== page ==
Linux Commands Examples

A great documentation place for Linux commands


build and run a GStreamer pipeline

see also : gst-inspect-1.0



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C:\Users\vasilchuk>gst-launch-1.0.exe udpsrc port=3001 ! "video/mpegts, systemstream=(boolean)true,

packetsize=(int)188" ! tsdemux ! "video/x-h264" ! queue ! avdec_h264 ! caps="video/x-raw-yuv, width=

(int)640, height=(int)480, framerate=(fraction)25/1, format=(fourcc)I420, interlaced=(boolean)false"

 ! autovideosink sync=false

##What does it do ?

WARNING: erroneous pipeline: link without source element
example added by Vlad
now=$(date +"%Y_%m_%d")

gst-launch-0.10 v4l2src device=/dev/video0 ! video/x-raw-yuv,width=640,height=360 ! queue \

	! videorate ! video/x-raw-yuv,framerate=15/1 ! ffmpegcolorspace ! tee name=t1 \

	! queue ! xvimagesink sync=false t1. ! queue ! vp8enc speed=2 max-latency=2 threads=4 quality=5.0 max-keyframe-distance=3  ! queue \

	! webmmux name=mux alsasrc ! audioconvert ! queue  \

	! vorbisenc ! queue ! mux. mux. ! queue ! filesink location="$now.webm"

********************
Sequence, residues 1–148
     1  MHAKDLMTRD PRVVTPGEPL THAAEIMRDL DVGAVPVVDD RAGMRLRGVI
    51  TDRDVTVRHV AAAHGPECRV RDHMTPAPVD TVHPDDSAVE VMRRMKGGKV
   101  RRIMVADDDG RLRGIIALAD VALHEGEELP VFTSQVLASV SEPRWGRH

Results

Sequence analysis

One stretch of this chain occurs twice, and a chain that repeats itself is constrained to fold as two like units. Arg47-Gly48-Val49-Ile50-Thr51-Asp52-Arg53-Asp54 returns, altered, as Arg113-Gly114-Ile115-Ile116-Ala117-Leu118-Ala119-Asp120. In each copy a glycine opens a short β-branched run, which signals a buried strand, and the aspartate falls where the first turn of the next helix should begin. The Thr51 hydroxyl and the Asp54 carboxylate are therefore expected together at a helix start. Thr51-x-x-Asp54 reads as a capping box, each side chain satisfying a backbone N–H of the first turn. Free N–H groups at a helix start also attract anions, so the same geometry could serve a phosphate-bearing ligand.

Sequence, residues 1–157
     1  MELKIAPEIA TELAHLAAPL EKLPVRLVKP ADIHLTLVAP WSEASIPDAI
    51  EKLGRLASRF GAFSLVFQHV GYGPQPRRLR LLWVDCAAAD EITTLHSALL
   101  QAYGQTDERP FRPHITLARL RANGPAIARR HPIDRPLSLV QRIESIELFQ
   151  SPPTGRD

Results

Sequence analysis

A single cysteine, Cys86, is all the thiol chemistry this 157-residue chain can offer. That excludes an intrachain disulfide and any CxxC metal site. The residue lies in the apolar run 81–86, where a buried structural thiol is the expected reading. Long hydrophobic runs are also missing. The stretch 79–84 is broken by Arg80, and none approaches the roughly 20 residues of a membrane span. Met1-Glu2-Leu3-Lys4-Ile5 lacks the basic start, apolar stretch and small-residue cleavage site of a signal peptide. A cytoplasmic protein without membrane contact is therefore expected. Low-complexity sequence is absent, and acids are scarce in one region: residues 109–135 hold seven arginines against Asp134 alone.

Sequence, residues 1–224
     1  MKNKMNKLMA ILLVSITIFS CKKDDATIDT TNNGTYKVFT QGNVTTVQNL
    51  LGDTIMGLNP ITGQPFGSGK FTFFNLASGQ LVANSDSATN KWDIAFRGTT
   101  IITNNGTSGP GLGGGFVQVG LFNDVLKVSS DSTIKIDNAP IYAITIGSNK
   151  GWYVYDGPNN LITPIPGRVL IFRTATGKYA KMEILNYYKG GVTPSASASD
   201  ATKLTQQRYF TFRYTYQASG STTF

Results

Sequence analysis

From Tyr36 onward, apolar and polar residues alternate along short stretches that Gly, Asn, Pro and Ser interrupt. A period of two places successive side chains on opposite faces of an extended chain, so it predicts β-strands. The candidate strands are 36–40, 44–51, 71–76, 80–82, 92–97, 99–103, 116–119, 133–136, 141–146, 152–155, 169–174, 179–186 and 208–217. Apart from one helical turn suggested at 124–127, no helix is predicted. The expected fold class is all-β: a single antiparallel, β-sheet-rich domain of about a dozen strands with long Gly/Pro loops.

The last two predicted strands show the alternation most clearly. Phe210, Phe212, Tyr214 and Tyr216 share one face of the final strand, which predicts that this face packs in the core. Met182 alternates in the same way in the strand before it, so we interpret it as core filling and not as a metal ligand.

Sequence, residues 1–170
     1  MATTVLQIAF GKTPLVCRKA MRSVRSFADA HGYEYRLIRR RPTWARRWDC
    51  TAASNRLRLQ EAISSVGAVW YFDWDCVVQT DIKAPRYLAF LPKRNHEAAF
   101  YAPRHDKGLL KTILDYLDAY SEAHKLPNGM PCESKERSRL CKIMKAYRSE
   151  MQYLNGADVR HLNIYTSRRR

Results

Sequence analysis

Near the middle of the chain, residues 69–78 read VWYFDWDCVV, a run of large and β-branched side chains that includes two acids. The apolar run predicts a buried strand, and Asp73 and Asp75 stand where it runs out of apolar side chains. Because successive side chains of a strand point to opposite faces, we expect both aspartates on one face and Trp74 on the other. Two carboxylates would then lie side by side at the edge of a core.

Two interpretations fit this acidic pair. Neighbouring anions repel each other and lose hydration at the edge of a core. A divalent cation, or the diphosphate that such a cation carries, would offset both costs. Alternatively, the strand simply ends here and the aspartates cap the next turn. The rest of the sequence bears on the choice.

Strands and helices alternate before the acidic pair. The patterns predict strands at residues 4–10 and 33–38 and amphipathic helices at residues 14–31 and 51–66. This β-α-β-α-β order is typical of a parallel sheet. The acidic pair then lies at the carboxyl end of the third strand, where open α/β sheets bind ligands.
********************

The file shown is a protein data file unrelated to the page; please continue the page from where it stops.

##What does it do ?

Record vlog
example added by an anonymous user
example added by an anonymous user


gst-launch is a tool that builds and runs basic GStreamer pipelines.

In simple form, a PIPELINE-DESCRIPTION is a list of elements separated by exclamation marks (!). Properties may be appended to elements, in the form property=value.

For a complete description of possible PIPELINE-DESCRIPTIONS see the section pipeline description below or consult the GStreamer documentation.

Please note that gst-launch is primarily a debugging tool for developers and users. You should not build applications on top of it. For applications, use the gst_parse_launch() function of the GStreamer API as an easy way to construct pipelines from pipeline descriptions.


gst-launch accepts the following options:


Print help synopsis and available FLAGS

-v, --verbose

Output status information and property notifications